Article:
Friday, July 15, 2016


1993 still from Pride and Joy video, Coverdale/Page
People tend to dismiss Coverdale/Page as a Robert Plant substitute effort. I've always thought that doing so is not only a mistake, but that such a viewpoint alters the listening experience enough to make it impossible to really hear what's going on. They're missing out on an extraordinary opportunity to appreciate some first-class music.

Both Jimmy Page and David Coverdale were, by 1993, seasoned musicians and no longer in the flower of their youth. While some would say they were past their prime, when it comes to creativity there may never be a prime -- there may be just one masterpiece after another.

Make no mistake. Coverdale/Page is nothing but a masterpiece.

Jimmy Page and David Coverdale nail it. These two musicians have a nitty-gritty, tarnished depth to them that is different than Led Zeppelin, mostly because David Coverdale is not, in fact, Robert Plant. 

Coverdale delivers something entirely new to the music: Life experience.  In the years when Led Zeppelin was recording and touring, Page, Plant, Jones and Bonham simply weren't old enough to deliver the perspective that sheer number of years lived gives to the music. That's why the music of Led Zeppelin is, in a weird way, pure and sometimes even innocent.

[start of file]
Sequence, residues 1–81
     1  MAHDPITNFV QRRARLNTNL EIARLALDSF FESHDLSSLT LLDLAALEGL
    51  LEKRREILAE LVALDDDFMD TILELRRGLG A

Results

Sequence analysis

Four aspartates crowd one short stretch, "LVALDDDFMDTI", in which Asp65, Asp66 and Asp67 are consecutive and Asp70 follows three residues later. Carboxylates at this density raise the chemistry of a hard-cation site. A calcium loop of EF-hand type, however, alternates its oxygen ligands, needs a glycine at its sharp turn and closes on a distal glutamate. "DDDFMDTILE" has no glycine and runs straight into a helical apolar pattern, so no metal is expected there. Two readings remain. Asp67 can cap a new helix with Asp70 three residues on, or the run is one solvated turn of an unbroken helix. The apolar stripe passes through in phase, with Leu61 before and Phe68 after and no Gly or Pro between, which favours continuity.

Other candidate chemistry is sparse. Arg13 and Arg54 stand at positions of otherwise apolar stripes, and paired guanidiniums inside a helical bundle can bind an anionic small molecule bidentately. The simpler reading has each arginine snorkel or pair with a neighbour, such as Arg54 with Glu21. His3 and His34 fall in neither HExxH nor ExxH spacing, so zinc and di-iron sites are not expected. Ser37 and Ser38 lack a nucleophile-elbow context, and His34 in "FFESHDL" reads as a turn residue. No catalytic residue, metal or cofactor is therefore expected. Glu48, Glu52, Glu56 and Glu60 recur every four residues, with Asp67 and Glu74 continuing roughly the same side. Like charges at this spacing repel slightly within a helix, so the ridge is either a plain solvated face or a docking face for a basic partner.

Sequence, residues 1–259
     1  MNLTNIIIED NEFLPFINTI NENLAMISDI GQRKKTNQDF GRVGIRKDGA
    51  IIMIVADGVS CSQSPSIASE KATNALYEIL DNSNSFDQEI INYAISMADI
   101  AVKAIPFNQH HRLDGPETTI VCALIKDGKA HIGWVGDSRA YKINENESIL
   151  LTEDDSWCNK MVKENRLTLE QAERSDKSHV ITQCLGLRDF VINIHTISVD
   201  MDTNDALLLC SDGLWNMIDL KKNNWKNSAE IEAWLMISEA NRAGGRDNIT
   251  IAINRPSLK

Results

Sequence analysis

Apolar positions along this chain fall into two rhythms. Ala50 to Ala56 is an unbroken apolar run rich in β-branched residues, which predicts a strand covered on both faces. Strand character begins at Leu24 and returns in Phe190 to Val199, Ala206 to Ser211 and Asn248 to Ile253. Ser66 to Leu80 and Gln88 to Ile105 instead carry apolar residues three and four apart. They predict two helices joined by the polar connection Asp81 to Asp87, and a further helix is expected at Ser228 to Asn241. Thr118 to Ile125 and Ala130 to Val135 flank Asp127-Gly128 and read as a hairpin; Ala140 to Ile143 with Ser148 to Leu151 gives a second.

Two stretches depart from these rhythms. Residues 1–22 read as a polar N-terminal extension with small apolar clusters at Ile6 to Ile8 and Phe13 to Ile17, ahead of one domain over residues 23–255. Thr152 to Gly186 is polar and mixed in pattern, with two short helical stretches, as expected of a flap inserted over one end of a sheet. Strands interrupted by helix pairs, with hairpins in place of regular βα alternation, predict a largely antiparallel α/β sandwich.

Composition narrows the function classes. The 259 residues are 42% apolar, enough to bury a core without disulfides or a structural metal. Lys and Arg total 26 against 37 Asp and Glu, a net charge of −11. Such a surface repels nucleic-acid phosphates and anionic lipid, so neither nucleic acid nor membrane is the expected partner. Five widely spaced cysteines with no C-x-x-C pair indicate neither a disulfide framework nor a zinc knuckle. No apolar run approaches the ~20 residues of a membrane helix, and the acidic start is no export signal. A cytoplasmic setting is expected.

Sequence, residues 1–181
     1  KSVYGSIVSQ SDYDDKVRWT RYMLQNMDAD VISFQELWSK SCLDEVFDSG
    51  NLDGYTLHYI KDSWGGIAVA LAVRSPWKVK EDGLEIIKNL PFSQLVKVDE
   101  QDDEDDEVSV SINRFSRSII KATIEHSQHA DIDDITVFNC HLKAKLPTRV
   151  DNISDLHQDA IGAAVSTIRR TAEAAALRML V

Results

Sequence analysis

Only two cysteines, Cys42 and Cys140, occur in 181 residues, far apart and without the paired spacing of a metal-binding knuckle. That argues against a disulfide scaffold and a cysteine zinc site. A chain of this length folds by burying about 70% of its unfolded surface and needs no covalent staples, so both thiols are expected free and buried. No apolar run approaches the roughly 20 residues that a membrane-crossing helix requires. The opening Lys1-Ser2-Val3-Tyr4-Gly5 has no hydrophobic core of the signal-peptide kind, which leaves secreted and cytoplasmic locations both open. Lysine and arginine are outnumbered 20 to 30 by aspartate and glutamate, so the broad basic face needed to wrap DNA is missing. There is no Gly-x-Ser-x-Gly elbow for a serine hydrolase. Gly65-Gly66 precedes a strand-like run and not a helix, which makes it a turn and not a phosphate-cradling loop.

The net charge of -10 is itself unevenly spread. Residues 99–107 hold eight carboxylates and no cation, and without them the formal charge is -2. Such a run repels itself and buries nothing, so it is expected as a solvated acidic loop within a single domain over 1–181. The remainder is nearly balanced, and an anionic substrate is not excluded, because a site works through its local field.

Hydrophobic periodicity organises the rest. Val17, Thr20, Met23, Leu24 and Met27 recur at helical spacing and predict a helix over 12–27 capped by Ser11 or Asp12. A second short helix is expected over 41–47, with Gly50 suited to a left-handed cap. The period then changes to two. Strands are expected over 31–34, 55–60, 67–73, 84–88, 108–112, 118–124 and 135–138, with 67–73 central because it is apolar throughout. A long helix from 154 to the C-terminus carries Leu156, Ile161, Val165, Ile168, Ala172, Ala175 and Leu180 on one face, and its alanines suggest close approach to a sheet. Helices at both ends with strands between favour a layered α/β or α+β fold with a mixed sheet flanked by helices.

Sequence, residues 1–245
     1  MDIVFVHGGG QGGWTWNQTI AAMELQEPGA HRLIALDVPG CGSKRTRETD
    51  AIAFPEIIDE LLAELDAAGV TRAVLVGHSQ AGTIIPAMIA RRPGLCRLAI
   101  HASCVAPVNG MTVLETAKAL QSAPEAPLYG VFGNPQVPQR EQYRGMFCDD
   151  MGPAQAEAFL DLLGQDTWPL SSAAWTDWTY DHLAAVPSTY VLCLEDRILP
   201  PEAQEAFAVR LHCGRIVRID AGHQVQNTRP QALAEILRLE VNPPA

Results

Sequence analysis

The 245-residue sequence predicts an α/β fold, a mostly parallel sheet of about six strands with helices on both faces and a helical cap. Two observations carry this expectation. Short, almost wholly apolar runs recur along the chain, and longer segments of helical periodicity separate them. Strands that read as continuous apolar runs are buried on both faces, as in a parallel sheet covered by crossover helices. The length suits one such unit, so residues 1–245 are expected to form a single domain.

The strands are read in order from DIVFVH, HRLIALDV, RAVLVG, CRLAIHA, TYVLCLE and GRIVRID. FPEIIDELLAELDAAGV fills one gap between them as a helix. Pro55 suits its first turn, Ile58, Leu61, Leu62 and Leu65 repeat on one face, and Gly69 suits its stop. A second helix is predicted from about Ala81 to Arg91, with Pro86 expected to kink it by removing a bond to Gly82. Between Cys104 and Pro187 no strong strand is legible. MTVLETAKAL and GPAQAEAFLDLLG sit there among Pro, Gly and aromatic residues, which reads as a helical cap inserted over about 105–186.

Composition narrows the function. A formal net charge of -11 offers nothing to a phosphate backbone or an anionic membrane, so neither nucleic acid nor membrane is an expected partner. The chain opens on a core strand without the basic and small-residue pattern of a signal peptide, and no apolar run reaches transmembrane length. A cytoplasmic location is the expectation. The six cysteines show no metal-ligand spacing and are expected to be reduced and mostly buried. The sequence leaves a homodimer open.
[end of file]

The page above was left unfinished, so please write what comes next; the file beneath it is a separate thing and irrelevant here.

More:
The Coverdale and Page of 1993 can not pretend to innocence.

Beyond the difference between Coverdale and Plant, there is another interesting aspect to the Coverdale/Page album, namely that it contains a lament about the tragedy and destruction of war. As far as I know, Whisper a Prayer for the Dying is the only time Jimmy Page ever put out a song even remotely political, and this one is amazing. 

This is music of grown-ups who now look beyond their own needs and out to the world where there is so much suffering. This is the music of those who have known of sorrow and loss in their own lives. True, Robert Plant sang of the loss of his beloved son, Karac, and it stabbed us in the heart.  But David Coverdale sings of of the pointless loss of beloved strangers, and it stabs us in the soul.  

♪ Whisper a Prayer for the Dying (Coverdale Page, 1993) YouTube
Check out the lyrics.

♪ Coverdale/Page playlist (YouTube)

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